Harper lands in Germany as G8 summit approaches
Prime Minister Stephen Harper and Environment Minister John Baird arrived late Sunday in Europe to attend two world gatherings, including the Group of Eight summit of industrialized nations in Heiligendamm, Germany.
The first order of business for the prime minister,who wasaccompanied by his wife Laureen,is a Canada-European Union summit in Berlin on Monday.
OnTuesday, Harper will be in Paris for discussions with France's newpresident, Nicolas Sarkozy, and with French Prime Minister François Fillon.
The G8 summit, to be held inHeiligendamm from June 6 to 9, will be hosted by German Chancellor Angela Merkel, who is also welcoming leaders from the United States, Britain, France, Japan, Italy and Russia.
The gathering at the fenced-off coastal town will focus on global warming, aid to Africa and the global economy.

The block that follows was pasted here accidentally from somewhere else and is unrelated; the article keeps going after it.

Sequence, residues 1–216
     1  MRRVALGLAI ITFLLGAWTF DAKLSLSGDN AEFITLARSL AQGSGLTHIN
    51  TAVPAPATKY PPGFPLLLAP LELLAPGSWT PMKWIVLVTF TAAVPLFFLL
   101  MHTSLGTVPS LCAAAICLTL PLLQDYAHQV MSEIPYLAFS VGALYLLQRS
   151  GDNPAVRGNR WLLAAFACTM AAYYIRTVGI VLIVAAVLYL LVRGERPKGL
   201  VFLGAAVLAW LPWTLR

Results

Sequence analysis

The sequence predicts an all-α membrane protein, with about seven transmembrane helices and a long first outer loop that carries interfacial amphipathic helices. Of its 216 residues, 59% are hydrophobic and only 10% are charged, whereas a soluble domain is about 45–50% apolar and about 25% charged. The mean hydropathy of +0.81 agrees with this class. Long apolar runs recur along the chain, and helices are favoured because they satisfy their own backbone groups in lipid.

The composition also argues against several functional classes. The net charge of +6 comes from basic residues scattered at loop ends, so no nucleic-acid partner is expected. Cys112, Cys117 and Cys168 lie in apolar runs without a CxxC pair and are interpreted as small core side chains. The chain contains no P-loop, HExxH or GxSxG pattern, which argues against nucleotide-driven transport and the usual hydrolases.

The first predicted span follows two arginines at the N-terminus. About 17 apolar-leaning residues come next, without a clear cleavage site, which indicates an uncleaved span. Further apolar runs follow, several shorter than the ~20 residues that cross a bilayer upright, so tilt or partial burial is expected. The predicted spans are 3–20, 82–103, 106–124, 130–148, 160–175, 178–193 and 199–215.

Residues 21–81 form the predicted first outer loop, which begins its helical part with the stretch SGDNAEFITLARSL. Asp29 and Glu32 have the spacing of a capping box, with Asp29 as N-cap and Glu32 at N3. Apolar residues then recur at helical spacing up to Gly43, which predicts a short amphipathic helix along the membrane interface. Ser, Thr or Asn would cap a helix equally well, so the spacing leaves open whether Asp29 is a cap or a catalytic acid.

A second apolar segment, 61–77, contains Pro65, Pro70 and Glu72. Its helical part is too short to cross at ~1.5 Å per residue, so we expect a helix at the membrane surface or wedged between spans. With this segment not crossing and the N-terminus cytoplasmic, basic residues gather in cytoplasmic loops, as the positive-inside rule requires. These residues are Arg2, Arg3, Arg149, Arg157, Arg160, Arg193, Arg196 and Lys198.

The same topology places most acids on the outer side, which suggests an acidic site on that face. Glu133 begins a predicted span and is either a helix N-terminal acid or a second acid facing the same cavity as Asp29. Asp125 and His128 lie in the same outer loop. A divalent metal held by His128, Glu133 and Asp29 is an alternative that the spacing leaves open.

Harper is expected to argue at the meeting that any international deal on climate change must recognize Canada's special challenges in curbing greenhouse gases, and require the participation of developing countries such as China and India.
In the leadup to the summit, the nearby city of Rostock, Germany has become a gathering spot for tens of thousands of protesters hoping to draw attention to causes, including anti-globalization and the war in Iraq.
Weekend of protest
Violent protests in Rostock over the weekend have left at least400 police officers and 520 demonstrators injured, officials say.
On Sunday, a small group of protesters turned violent during a largelypeaceful anti-globalization rally.
Police trying to disperse the crowds were pelted with stones, bottles and sticks as the day-long demonstration expanded and became more violent.
"The police were attacked massively from the violent protesters. They threw bottles, firecrackers, rocks and Molotov cocktails," a police spokesman told the Associated Press.
About 30,000 demonstrators clashed with 13,000 police officers on Saturday in Rostock.
Some demonstrators urged action from the G8 countries in the fight against HIV/AIDS, African poverty and climate change, while others questioned the legitimacy of theGroup of Eight itself.